Late Monday night, Elon Musk revealed two videos of the landing maneuver following the successful launch of BulgariaSat-1 in June 2017.
Here you go https://t.co/hjIs5fbBoy pic.twitter.com/aVnwR0loX9— Elon Musk (@elonmusk) April 7, 2020
This mission was the second flight of a reused Falcon 9 booster and represented the early proving grounds of rocket reusability. While the mission was successful, webcast footage showed the booster leaning due to a hard landing.
After its second flight, Core B1029 was brought to shore aboard the droneship Of Course I Still Love You (OCISLY) and retired.
High pucker-factor landing pic.twitter.com/cTHxc03Oee— Elon Musk (@elonmusk) April 7, 2020
From the video, we can see the booster approached the deck of the droneship sideways velocity, moving from the far edge across the length of the deck to the near corner. For reference, the deck of OCISLY is roughly the size of an American Football field (300ftx170ft). To counteract the sideways velocity, the rocket is angled relative to the surface of the deck. Only two of the landing legs make contact before the engine cuts out, and the rocket slams on the deck.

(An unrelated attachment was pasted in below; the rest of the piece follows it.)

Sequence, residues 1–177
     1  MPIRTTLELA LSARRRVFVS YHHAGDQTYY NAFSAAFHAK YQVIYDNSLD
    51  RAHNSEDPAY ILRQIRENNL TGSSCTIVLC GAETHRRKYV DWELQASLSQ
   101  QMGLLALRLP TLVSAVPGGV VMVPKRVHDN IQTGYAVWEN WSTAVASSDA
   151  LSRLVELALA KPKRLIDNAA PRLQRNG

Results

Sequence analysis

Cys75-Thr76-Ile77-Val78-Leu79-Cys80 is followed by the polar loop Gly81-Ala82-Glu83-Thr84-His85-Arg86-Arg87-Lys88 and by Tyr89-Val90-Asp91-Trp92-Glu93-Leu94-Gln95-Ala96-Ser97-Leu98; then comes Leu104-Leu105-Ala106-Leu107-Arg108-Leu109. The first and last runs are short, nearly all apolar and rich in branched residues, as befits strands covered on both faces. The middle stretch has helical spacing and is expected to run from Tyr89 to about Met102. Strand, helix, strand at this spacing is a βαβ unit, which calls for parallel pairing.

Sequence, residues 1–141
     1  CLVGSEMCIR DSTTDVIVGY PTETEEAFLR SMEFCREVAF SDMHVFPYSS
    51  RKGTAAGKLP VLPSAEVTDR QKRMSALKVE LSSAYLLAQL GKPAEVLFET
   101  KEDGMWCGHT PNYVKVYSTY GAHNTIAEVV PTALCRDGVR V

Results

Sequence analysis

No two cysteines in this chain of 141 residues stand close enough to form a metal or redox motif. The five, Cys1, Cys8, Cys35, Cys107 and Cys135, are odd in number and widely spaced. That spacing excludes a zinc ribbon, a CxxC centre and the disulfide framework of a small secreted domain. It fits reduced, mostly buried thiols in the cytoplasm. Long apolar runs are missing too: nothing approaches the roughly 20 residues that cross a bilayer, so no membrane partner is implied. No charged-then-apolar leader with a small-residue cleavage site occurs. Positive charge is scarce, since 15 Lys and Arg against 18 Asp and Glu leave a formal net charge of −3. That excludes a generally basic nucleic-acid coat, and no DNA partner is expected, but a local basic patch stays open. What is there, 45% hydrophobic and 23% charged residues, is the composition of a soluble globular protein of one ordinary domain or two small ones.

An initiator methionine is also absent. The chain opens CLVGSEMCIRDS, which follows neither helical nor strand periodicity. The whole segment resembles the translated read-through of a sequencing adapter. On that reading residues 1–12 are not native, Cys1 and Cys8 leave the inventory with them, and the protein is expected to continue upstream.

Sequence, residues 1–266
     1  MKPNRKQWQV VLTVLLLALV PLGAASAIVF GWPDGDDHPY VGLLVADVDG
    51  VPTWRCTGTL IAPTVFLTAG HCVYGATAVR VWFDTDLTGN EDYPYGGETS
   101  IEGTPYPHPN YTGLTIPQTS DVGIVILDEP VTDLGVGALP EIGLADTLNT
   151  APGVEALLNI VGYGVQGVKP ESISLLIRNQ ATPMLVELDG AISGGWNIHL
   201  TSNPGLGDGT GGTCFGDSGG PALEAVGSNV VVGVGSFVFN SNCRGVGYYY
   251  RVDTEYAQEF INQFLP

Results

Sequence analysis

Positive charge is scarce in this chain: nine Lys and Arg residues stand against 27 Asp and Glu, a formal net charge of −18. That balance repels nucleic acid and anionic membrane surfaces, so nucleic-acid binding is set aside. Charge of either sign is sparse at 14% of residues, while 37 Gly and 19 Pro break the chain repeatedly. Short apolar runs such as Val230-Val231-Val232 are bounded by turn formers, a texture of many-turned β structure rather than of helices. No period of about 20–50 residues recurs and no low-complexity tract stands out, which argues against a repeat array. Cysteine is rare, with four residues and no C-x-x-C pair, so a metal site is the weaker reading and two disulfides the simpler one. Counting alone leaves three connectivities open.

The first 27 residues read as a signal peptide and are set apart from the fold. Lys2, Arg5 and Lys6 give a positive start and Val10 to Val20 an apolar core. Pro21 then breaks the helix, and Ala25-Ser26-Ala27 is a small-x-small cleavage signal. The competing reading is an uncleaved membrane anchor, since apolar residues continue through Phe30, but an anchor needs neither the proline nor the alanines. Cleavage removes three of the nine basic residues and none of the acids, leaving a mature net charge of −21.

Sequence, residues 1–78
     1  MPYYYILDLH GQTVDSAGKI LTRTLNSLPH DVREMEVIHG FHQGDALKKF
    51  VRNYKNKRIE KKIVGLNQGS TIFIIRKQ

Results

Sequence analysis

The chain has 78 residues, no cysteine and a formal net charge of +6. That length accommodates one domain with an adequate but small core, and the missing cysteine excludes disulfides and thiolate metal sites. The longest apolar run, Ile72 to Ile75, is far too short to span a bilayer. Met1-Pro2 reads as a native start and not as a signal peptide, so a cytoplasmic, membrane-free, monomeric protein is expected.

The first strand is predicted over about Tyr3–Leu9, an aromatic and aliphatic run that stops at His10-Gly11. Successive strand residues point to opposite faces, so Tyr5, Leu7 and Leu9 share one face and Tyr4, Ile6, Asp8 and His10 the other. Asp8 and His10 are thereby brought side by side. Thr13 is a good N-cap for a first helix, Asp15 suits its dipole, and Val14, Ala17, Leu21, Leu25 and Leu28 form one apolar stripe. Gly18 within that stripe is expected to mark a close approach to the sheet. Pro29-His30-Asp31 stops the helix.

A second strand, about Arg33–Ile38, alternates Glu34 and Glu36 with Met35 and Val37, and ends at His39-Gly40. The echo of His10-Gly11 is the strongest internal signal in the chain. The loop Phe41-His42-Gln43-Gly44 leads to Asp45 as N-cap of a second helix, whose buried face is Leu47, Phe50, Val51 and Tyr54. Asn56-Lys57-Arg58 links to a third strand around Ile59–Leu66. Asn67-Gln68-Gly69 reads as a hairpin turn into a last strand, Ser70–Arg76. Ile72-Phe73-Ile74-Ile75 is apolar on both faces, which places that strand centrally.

Falcon's landing leg crush core absorbs energy from impact on touchdown. Here's what it looked like on Apollo lander pic.twitter.com/PqS7bn86A3— SpaceX (@SpaceX) June 2, 2016
The Falcon 9 landing leg system utilizes crush cores, which are expendable shock absorbers made from honeycomb material. The material deforms and compresses, absorbing energy in a compact space. This allows the landing leg system to compensate for unexpected landing impacts without damaging the core structure of the rocket.
Falcon 9 has gone on to land successfully a total of 43 times. A reused Falcon 9 recently flew for its 5th mission during Starlink-6, however the booster suffered an engine failure mid-flight and was not recovered.